The previous few posts have focused on using Expert Sleepers' ES-3 Lightpipe/CV and ES-5 'ES-3 Expander' hardware modules along with plugins from their Silent Way suite to send MIDI as CV signals to a modular synth. The setups provided in the last post are capable of mono synth or poly synth behavior, depending on whether a keyboard controller or the MIDI clips included in the Live sets are used. Why would that make a difference though?
The MIDI clips are each associated with their own "full" voice, starting from the Voice Controller in Live down to the VCO/EG/VCA on the hardware end, and so each voice behaves independently as it would on a poly synth.
Under keyboard control, however, the Kbd Control tracks -- and the Voice Controllers they control -- each respond at the same time, and so the patch behaves more like a mono synth. This is more obvious if you tune each oscillator to a different octave: when you play a keyboard melody it'll sound like a monster 4-oscillator mono synth. But you still can't play chords.
Modifying this setup so that the modular synth behaves as a poly synth under keyboard control requires changes to the roles that Voice Controller plays. The Live set below picks up from where the previous post left off (the collapsed ES-5 Controller setup), with pitches being controlled from the first four ES-3 outputs and gates being controlled from the odd numbered ES-5 outputs.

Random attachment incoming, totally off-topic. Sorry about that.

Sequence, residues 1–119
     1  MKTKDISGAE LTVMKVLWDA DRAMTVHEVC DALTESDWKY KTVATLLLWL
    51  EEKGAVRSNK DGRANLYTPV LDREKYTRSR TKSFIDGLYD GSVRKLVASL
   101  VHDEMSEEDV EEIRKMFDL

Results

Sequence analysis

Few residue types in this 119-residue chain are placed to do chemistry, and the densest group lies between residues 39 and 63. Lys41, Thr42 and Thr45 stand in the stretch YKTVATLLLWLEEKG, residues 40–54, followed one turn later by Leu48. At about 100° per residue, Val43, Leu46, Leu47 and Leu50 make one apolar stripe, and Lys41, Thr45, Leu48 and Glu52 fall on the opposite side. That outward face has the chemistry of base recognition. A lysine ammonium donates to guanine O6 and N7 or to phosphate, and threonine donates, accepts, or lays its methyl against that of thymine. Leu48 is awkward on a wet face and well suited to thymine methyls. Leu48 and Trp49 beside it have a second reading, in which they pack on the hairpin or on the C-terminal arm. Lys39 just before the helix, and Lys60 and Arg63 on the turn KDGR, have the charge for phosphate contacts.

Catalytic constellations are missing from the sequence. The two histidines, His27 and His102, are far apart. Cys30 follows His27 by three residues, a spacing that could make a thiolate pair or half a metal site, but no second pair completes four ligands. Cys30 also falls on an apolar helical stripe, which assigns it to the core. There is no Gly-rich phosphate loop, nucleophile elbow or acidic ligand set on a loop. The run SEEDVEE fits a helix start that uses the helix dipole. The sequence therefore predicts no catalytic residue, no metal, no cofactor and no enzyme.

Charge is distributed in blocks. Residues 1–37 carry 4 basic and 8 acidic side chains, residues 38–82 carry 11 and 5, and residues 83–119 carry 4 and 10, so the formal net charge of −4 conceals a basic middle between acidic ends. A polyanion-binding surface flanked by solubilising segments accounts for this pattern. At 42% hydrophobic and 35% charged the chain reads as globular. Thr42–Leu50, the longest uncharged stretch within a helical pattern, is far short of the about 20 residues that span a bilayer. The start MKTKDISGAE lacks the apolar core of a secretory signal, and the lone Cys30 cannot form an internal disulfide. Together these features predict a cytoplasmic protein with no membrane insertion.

The physical patch that was used in the previous setup mostly remains the same (see the Info Text area at the lower left in the screenshot), except that now the four VCA outputs are combined with a hardware mixer before being brought into Live on the VCOs (mixed) track. If you don't have a 4-input mixer on your modular, just enable the VCOs (direct) track group instead. This grouped track is a software mix of the four VCA outputs and will work for our purposes. Whichever way you mix the voices, this sets us up for one remaining setup change further down.
I recommend expressly setting the four VCOs to the same pitch, octave, and wave shape. This hasn't been particularly important up to this point, but it will be going forward and I'll explain why shortly.
Voice Controller in polyphonic mode uses a concept of a Master, which I'll call master VC, and Voices, which I'll call voice VCs. Poly mode and its associated parameters are configured at the lower left in each plugin instance (see the screenshot at the top of this post).